Think about what Pinkberry did for frozen yogurt. Or how Sprinkles started a cupcake craze. Is the Cronut the next big thing? Or is it The Harlem Shake of deep-fried confections?

It all started a few months ago at The Dominique Ansel Bakery in lower Manhattan. The bakery was making a donut-croissant hybrid that was gaining serious notoriety not only for its deliciousness, but also for how difficult it was to get.

Ridiculous lines stretched around the block and captured the attention of national food sites, news outlets and social media. Word spread and instantly other bakeries around the globe started coming up with Cronut knockoffs.

DK's Donuts on Santa Monica Boulevard serves various types of Cronuts, including one with cinnamon and sugar with a cream filling. (Michael Ryan michael@smdp.com)

DK’s Donuts on Santa Monica Boulevard serves various types of Cronuts, including one with cinnamon and sugar with a cream filling. (Michael Ryan michael@smdp.com)

DK’s Donuts, right here in Santa Monica, not so long ago came up with their own spin on the Cronut, but DK’s doesn’t really see themselves as imitators, rather more as innovators.

“You can’t copyright a donut. I feel the same way about the Cronut,” said Mayly Tao, co-owner of DK’s Donuts, as she worked the counter during a not-so-surprising mid-evening rush. “We put our own spin on it and came up with the DKronut (pronounced Dee-Cronut).”

While the Cronut name is indeed trademarked, cooking one remains public domain.

A standard DK’s Donut costs a little under a buck, whereas a DKronut costs $5. The original Cronut in Manhattan also sells for $5, but the prolific pastry can go for $40 and up when scalped. Apparently you can scalp anything, even fancy fried dough.

The basics of making a Cronut involve layers of croissant dough formed into a donut shape and carefully deep fried. The process is tedious and weeks of research and development went into making the DKronut. When Mayly and her brother Sean were satisfied with the taste, texture and consistency of the DKronut, they were ready to unleash it upon DK fans.

The result is a flaky pastry with a pliable inside and a gently fried exterior. The meld of contrasting textures lends the DKronut to a plethora of ways to be dressed up.

Initially the DKronut came in three different flavors; a cream filled one, a strawberry cream version and one filled with Nutella. The trio of flavors spelled success.

“They’re doing really well. We go through about three trays a day and more than a dozen fill a tray” said Mayly as she was instantaneously interrupted by a customer phoning in an order of DKronuts.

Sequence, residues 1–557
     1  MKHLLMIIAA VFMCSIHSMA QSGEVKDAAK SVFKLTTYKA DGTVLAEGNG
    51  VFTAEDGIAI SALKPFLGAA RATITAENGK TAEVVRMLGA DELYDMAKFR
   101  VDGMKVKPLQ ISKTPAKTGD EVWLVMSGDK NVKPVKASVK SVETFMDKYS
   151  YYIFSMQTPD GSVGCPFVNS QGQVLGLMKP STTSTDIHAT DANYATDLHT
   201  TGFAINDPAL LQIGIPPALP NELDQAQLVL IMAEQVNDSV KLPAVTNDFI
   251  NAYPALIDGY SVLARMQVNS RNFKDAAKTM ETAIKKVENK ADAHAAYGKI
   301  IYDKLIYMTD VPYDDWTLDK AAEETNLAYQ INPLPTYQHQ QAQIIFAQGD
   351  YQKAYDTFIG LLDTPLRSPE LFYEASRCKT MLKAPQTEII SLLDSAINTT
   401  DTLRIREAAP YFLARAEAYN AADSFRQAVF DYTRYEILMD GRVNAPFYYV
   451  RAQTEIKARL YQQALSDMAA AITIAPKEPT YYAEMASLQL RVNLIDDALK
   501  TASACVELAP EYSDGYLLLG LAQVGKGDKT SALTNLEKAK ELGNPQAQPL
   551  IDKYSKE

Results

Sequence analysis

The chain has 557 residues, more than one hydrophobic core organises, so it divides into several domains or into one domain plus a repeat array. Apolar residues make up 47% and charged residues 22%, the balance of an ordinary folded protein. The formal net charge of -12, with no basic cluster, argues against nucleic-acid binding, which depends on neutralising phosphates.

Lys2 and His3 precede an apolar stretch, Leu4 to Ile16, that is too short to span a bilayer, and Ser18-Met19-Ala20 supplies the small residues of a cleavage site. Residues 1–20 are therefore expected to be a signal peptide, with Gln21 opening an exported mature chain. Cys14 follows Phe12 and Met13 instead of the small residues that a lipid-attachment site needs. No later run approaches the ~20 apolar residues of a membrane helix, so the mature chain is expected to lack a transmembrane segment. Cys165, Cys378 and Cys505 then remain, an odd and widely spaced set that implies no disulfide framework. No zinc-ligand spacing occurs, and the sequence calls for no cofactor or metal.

Jenn Albano of West Hollywood and DK’s die-hard lays claim to one of its latest DKronut creations.

“DK’s is awesome because they listen to their customers and pretty much give them what they want, including the glazed covered [DKronut],” said Albano.

She was calling in special glazed DKronut orders. Mayly liked the idea so much that she quickly made the glazed variety a regular menu item.

Mayly Tao, co-owner of DK’s Donuts, with one of her specialty Cronuts.

Mayly Tao, co-owner of DK’s Donuts, with one of her specialty Cronuts. (Michael Ryan michael@smdp.com)

I too was special ordering DKronuts, requesting them plain, taking them home and making bacon, egg and cheese DKronut sandwiches. All it took was an Instagram picture of my creation to get back to DK’s. Now they have a DKronut breakfast sandwich on the menu too.

“Every aspect of this sandwich is amazing,” J.C. Babas of Mid-City said as he chowed down on the newfangled breakfast sandwich in DK’s tiny dining area. “They’ve taken everything that is great with a breakfast sandwich and made it that much better by putting it between a [DKronut]. I mean come on!”

Completely unlike the Cronut, which has one flavor a month, DK’s variation is a listing of fan favorites and DK’s originals. As of now here’s the rundown: DKronut with cream, DKronut with strawberry and cream, DKronut with blueberry and cream, DKronut with pineapple and toasted coconut, DKronut with Nutella, Famous Glazed, Cinnamon-Sugar, DKronut breakfast sandwiches and cream-filled DKronut holes!

Not only is the selection ridiculous, but the fact they are open 24 hours a day means you can have your DKronut whenever you desire (pending they are still in stock). Following them on Instagram (@DKSDONUTS) or simply calling them are both ways to know when a fresh batch is ready.

Is the Cronut a food fad? Probably, but we might as well enjoy it while it’s here. A proverbial “summer of love” with DK’s being the corner of Haight and Ashbury. We may all be on the elliptical in the fall reminiscing on how delicious the summer of ’13 was here in Santa Monica.

 

If you go

DK’s Donuts

1614 Santa Monica Blvd.

Santa Monica, Calif.

90404

(310) 829-2512

 

Michael can be seen riding around town on his bike burning calories so he can eat more food, or on CityTV hosting his own show, “Tour de Feast.” To reach him visit his website at tourdefeast.net or follow him on Twitter @TourDeFeastSM. E-mail him at michael@smdp.com